This album is included in the following sets:
This set contains the following albums:
Walton conducts Schwarzkopf in scenes from his 1955 opera
Excellent XR remastering lifts the veil on this and his 1959 stereo Partita
Both of these recordings benefitted from the development of true high fidelity equipment during the 1950s and are good examples of what could be achieved at the time. It is unfortunate that the earlier recording, Scenes from Troilus and Cressida, was made only in mono, but the Ambient Stereo version of our remastering does at least add some air and space around the performers. In both cases I have been able, in XR remastering, to reduce background noise whilst lifting the veil which hung over the upper treble. In the case of Troilus and Cressida the slightly cramped and restricted lower frequencies have also been greatly improved.
WALTON Scenes from "Troilus and Cressida" (Ambient Stereo)
Troilus Richard Lewis
Cressida Elisabeth Schwarzkopf
Evadne Monica Sinclair
Watchman Geoffrey Walls
Watchman John Hauxvell
Watchman Lewis Thomas
Recorded 18 April - 20 May, 1955, Kingsway Hall, London
First issued as Columbia 33CX1313
WALTON Partita for Orchestra (stereo)
Recorded 6 & 16 February, 1959
Kingsway Hall, London
First issued as Columbia 33CX1679
Sir William Walton conductor
XR remastering by Andrew Rose at Pristine Audio, April 2011
Cover artwork based on a photograph of Sir William Walton
Total duration: 69:37
©2011 Pristine Audio.
"...Walton wrote the part of Cressida for Elizabeth Schwarzkopf, who did indeed record extracts from it in 1955. When asked to open with the opera she demurred pleading another engagement, although Neil Tierney, in his biography of Walton, quotes Walter Legge as saying that she disliked singing in English and neither liked the story nor the character of Cressida. Covent Garden suggested the Hungarian soprano, Magda Laszio; Walton agreed that she had the looks but she could not speak any English. She was expected to learn the part parrot-fashion and to sing without a trace of a foreign accent. If you listen to the Schwarzkopf recording you can hear how impossible that was going to be. In the event, her English was so poor that she had to be coached by Susana Walton, who was herself Argentinian! Opposite her Peter Pears played Pandarus. The producer was George Devine and the designer Hugh Casson. It became known that the opera was to be a sumptuous affair, very romantic in style and destined to become very popular.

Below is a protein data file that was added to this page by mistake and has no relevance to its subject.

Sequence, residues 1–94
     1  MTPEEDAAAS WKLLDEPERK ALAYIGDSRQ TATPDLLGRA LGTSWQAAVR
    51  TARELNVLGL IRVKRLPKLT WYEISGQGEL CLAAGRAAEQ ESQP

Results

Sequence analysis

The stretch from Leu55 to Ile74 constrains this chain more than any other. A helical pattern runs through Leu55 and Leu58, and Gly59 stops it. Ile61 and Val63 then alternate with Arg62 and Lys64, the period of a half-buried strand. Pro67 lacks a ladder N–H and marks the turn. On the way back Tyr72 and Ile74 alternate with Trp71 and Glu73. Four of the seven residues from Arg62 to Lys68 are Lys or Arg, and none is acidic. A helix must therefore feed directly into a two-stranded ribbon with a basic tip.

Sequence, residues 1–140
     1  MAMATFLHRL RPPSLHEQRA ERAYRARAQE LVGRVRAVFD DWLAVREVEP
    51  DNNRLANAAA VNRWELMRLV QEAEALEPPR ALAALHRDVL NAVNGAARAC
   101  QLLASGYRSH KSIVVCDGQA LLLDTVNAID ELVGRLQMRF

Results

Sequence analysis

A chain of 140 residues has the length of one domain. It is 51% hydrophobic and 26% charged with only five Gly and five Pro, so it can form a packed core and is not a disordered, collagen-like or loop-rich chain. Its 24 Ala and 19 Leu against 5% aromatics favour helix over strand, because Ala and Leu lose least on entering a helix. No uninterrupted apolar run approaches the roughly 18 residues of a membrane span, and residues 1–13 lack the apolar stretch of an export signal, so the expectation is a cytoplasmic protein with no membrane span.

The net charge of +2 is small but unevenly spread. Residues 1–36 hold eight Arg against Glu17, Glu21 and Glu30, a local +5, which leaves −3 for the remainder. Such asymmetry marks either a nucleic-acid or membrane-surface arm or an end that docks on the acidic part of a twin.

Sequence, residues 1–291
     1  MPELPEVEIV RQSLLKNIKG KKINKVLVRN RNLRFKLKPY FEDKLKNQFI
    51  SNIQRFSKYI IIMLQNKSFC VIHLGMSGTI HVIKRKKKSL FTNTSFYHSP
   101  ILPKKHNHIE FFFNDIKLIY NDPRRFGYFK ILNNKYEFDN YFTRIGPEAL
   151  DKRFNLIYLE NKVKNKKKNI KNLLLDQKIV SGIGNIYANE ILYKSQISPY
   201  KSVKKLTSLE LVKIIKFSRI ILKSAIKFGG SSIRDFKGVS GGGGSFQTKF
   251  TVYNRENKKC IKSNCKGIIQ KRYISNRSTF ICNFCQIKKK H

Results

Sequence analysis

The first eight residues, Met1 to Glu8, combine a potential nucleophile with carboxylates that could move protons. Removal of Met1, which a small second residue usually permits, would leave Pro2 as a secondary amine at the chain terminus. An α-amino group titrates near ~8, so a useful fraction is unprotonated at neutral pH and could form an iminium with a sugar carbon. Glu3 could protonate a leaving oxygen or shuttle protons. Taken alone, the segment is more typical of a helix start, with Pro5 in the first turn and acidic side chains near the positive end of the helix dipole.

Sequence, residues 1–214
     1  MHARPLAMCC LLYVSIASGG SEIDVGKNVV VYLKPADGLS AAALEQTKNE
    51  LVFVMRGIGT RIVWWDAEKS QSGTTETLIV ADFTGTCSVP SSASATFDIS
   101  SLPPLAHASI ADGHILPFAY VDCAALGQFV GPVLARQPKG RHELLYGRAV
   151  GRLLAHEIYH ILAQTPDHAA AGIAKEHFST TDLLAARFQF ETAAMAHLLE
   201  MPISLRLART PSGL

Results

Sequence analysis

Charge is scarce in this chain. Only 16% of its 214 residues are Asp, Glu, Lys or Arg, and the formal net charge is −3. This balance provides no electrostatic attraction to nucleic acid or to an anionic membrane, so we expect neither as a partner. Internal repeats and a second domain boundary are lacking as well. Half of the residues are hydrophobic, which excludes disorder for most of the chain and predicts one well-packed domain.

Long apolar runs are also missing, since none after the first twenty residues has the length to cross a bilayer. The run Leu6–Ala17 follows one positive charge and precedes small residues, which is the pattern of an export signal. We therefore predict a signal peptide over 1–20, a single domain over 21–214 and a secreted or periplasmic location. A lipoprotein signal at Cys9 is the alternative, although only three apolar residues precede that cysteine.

Sargent proved a problem. He was a rather vain and self-opinionated conductor. He had not conducted an opera at Covent Garden since 1936 - nor anywhere else except for Gilbert and Sullivan. The singers complained that he often left them without support when they were unaccompanied to which he responded that since there was no orchestral part it was not necessary for him to conduct. He constantly questioned Walton's scoring, which did not endear him to the composer and a further difficulty was that Sargent's eyesight was failing but he was too vain to wear spectacles when conducting. Since the score had still not been printed Sargent was working from the rehearsal score which was rather indistinct in parts. He seemed uncertain of the score and even during performance he counted the bars out loud, which was very off-putting for the performers. On one occasion he brought Geraint Evans in a bar too early with an enormous flourish., Evans decided to ignore this and came in at the proper time. Evans notes in his biography that Walton often had to be called into rehearsals to help and he became increasingly disenchanted. (Unbelievably, Sargent was still the conductor at the Covent Garden revival in 1963 even though Walton pleaded with David Webster to find somebody else. Christopher Hassel, the librettist, died from a heart attack whilst running for a train to attend one of the revived performances.)..."
From "This unfortunate opera" by Len Mullenger - http://www.musicweb-international.com/troil1.htm